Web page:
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 (09-007.04-F) -  Shelf Number: MDV 144

No streaming derivative is available.

Date: December 20, 2005

Participants: Tkach, Zlata; Mester, Manya Moiseevna; Bengelsdorf, Sergo. Interviewed by Dov-Ber Kerler, Moisei Lemster, Dovid Katz.

Location recorded: Chișinău, Chișinău Municipality, Moldova

Language: Yiddish, Russian

Culture Group: Jews, Yiddish-speakers, Moldovans

 Recording Content:   

The first part of this recording is the continuation of formal interview with Manya Moiseevna Mester. (Part 2 of 2. See MDV 143)

The second part includes a formal interview with Zlata (Zlote) Tkach, nee Berikhman, born 1928 in Lozova. She is recognized as the first female composer of Moldova.

The third part of the recording is a formal interview with Sergo Bengelsdorf, born in 1937 in Birobidzhan. (Part 1 of 3. See MDV 145 and MDV 146)

00:00:00 Mester answers dialectological questions from the AHEYM Yiddish linguistic questionnaire. She also answers questions about cultural terminology.
00:21:50 The team concludes the interview with Mester and the camera cuts to the interview with Tkach. She provides personal information and speaks about her family. Tkach's father was a musician and played the fidel, as well as conducted an orchestra until 1938.
00:27:57 Tkach speaks about her studies and work. She graduated from the Musicology Department of the Chişinău Conservatory in composition in 1952 and then pursued graduate studies in Moscow. She then returned to Chişinău to teach at the Conservatory. Tkatch then discusses her childhood memories of Lozova, as well as her family.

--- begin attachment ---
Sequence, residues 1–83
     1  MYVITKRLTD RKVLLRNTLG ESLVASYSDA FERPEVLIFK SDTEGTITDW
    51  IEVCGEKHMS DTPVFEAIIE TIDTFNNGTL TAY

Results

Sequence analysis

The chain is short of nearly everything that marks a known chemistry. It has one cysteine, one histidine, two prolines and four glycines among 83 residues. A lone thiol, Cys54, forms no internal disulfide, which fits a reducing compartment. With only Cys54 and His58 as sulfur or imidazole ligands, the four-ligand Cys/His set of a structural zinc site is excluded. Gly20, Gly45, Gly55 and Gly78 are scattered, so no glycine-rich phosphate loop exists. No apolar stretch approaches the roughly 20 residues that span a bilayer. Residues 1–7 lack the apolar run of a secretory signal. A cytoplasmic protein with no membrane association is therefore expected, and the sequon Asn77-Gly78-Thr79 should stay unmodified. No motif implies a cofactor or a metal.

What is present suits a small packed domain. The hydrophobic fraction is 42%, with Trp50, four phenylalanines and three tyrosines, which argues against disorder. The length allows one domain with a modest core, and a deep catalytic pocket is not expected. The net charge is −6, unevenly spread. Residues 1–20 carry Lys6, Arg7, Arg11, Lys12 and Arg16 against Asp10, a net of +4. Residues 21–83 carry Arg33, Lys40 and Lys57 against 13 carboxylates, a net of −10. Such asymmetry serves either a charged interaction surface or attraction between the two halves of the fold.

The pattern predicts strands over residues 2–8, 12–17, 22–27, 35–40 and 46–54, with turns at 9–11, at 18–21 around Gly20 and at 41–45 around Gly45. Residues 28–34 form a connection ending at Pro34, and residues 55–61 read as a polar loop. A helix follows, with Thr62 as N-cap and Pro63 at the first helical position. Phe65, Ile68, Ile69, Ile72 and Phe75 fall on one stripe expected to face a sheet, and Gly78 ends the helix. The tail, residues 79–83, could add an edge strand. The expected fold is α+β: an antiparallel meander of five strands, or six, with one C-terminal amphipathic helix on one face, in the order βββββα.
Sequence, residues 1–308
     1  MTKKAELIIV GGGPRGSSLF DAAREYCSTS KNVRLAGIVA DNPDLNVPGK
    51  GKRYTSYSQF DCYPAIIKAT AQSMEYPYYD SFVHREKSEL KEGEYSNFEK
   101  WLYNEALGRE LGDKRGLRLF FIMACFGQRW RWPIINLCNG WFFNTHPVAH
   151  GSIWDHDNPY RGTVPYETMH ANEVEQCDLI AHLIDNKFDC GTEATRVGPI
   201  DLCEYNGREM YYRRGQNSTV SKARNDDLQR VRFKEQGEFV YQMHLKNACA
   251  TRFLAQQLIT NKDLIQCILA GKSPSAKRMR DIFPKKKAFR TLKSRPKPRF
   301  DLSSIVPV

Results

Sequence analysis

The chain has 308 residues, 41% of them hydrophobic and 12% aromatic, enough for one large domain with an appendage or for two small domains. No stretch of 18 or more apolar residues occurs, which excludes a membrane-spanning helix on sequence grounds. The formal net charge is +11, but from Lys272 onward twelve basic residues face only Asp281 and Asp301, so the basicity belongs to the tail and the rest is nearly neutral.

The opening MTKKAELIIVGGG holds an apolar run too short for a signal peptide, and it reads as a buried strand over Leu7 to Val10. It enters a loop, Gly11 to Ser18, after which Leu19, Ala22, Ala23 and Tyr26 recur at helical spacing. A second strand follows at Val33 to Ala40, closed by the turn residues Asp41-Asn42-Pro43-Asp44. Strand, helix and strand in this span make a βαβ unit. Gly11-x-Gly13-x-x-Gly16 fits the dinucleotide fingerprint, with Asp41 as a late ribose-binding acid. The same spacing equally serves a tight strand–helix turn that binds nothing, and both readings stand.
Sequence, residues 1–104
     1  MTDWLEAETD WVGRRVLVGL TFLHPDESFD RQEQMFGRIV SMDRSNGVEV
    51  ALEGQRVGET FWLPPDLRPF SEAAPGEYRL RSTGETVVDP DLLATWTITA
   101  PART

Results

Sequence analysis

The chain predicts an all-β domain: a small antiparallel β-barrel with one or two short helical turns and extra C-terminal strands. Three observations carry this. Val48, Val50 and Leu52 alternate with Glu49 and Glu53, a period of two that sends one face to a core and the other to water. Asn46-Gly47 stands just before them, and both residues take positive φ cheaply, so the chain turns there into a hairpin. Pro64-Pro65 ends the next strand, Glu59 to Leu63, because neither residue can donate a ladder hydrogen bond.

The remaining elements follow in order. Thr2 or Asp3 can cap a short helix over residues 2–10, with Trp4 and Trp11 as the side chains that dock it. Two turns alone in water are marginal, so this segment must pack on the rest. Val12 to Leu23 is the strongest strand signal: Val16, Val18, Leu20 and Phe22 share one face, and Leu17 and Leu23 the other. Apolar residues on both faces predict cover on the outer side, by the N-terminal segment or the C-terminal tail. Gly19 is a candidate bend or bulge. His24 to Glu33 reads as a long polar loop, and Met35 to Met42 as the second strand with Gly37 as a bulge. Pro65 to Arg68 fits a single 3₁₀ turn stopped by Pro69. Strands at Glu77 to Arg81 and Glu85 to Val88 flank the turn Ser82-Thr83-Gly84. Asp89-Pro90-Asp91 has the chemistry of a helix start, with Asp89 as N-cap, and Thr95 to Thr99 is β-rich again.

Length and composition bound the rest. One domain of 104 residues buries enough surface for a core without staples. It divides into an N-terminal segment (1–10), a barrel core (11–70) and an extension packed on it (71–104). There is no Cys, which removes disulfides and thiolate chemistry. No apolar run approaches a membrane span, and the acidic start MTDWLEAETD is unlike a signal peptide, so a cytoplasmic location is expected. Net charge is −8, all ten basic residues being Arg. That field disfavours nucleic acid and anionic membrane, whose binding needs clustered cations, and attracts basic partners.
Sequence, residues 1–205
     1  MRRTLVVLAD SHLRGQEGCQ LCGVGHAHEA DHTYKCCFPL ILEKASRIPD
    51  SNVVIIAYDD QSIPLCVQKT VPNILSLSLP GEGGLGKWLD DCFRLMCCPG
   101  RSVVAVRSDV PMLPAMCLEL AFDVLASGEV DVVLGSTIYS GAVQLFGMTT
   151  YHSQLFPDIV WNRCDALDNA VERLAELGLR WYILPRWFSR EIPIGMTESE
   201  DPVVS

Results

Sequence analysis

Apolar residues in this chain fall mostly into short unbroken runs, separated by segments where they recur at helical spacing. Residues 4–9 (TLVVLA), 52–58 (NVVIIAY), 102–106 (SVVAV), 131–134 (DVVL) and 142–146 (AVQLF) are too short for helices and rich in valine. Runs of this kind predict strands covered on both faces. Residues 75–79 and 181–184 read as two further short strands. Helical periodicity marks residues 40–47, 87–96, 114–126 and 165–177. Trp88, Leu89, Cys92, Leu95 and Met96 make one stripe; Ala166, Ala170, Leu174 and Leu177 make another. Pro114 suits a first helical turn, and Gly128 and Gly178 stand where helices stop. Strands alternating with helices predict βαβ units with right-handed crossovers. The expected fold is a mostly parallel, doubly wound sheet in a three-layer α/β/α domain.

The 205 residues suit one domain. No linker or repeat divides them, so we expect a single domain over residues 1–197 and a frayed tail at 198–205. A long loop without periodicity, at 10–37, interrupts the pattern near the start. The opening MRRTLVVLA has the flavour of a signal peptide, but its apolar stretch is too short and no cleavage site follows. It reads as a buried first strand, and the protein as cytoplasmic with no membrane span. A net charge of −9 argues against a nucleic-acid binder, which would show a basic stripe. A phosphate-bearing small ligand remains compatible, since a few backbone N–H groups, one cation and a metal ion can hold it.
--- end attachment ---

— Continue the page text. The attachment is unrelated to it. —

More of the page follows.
00:30:19 Tkach addresses her family's obervance and then recalls Passover celebrations at home. She also speaks about holiday food customs. Tkach then speaks about her family. Tkach's mother was a homemaker and her father played several instruments.
00:32:45 Tkach speaks about her family's life during World War II. She was evacuated with her mother to Namangan, Uzbekistan. She also addresses her father's work assignments. Tkach's family returned to Chişinău in 1945.
00:35:12 Tkach speaks about her family and how her father taught her how to play fiddle and piano. She then speaks about her life and education after the war. Tkach also speaks about her work and Soviet Jewish colleagues. She states that she began composing Jewish music in 1989 and has written more than forty pieces of different genres.
00:46:13 Tkach addresses food customs and dishes. She then speaks about life after the war and recalls poverty among people until 1950. Tkach also describes the living conditions.
00:49:55 Tkach speaks about her family. In particular, she addresses her father's work. She then talks about postwar Klezmer music and differentiates between Moldovan and Jewish music.
00:56:28 The formal interview with Bengelsdorf begins.
00:57:03 End of recording.